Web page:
New home for artists without housing opens in Detroit

Posted on Detroit Free Press by Duante Beddingfield on Dec. 22, 2023

A new home for artists struggling with housing has opened in northwest Detroit.

The Neighborhood Service Organization, one of metro Detroit’s largest social service groups addressing homelessness, worked with Detroit entertainment company The Right Productions to launch The Tommy Garrett House, named after internationally acclaimed singer-songwriter Tommy Garrett, who overcame homelessness with the help of NSO.

The facility is a three-bedroom, 1,920-square-foot home designed to offer housing for up to six artists in an environment where they can build stability and safely create art in the heart of Detroit.

In a Dec. 18 dedication ceremony, NSO President and CEO Linda Little said the initiative was made possible through supporters of our Community of Hope weekend in July and embodies “NSO’s commitment to meet the evolving needs of our community.”

“Addressing the complex issue of homelessness is challenging,” Little said. “More than 1,500 people in Detroit experience homelessness on any given night. Despite nearly 6,000 households accessing housing assistance in 2022, a significant number are not officially considered homeless, but they lack access to safe and stable housing, resulting in a continuous cycle of transition.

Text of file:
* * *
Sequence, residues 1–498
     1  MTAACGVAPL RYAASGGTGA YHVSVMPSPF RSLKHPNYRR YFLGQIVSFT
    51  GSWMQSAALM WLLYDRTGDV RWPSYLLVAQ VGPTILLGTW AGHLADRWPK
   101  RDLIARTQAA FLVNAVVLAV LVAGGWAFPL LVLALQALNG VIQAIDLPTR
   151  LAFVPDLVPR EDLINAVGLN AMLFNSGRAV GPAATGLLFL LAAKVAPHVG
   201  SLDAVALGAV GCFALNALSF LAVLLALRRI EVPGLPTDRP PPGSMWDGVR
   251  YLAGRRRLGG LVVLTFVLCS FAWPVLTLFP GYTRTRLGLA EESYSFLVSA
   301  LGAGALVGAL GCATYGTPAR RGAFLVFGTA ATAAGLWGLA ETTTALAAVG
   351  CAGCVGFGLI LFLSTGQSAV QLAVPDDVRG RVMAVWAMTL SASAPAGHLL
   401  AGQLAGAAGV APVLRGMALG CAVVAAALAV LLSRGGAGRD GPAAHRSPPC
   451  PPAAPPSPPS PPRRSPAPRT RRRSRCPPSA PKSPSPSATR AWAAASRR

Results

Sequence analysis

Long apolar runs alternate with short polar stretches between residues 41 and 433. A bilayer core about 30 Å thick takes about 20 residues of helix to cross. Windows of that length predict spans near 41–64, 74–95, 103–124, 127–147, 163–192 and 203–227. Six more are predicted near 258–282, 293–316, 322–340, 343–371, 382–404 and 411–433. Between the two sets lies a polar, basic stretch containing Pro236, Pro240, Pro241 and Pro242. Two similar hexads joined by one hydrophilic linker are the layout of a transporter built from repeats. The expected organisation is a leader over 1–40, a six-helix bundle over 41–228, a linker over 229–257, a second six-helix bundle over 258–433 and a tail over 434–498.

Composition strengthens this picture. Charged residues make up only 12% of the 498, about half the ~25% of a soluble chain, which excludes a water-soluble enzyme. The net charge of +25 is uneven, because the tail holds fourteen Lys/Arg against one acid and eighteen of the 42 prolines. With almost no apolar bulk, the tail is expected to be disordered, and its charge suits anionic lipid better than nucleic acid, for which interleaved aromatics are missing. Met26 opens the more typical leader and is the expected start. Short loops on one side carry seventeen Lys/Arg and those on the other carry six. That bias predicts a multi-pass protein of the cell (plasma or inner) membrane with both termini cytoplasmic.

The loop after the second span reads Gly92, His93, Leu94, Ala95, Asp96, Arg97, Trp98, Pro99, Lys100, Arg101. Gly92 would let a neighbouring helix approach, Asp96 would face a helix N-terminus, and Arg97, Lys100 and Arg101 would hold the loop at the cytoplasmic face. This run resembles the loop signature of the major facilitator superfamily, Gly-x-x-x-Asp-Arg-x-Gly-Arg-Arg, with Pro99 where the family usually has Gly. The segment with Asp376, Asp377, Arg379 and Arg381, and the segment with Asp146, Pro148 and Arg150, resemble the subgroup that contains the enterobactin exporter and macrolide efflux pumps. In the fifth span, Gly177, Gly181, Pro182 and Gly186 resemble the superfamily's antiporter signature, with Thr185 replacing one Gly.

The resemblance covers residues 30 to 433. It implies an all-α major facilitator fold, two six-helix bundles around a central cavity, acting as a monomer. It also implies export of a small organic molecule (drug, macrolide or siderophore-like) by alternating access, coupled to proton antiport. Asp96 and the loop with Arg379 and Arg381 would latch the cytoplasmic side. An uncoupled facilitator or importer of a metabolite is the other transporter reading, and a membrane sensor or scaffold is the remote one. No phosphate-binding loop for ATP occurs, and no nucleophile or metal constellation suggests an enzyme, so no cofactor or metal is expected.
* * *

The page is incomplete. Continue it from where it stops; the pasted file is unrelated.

“The overrepresentation of Black individuals among the homeless population, the prevalence of domestic violence and the median length of 69 days for homelessness highlight the challenge, emphasizing the need for comprehensive, long-term and affordable solutions, such as initiatives focused on permanent housing. The Tommy Garrett House was created to do just that for local artists.”

NSO and The Right Productions first collaborated last July when they worked with the city to establish the Community of Hope concert, which featured R&B artists Maxwell and Tamia and was held at The Aretha Franklin Amphitheatre. Funds raised during the weekend were dedicated to addressing homelessness by supporting services tailored to the needs of people without housing, including those within Detroit’s creative community.

“Sometimes you see a need and wish you had the ability to address it,” said Shahida Mausi, CEO of The Right Productions. “I had long wanted a way to provide housing and support services for artists of many genres. Having worked with artists for my entire career, I’ve seen the gaps in financial and mental health services in the creative community. I dreamt of a place where creative people could feel supported and cared for during difficult times. I shared my dream with Linda Little at NSO, who has the expertise to bring a dream into reality. I’m so grateful for this collaboration with NSO and the support of Maxwell and Kem, to see Tommy’s House become a reality.”

The second annual Community of Hope is scheduled for Aug. 2-4, 2024, and will feature two evenings of inspiration and performances by various musical artists, including headliner and Detroit native Kem, who also overcame homelessness. There will also be a Day of Hope, which will aim to connect metro Detroiters in need with community organizations that offer wraparound resources.

Contact Free Press arts and culture reporter Duante Beddingfield at

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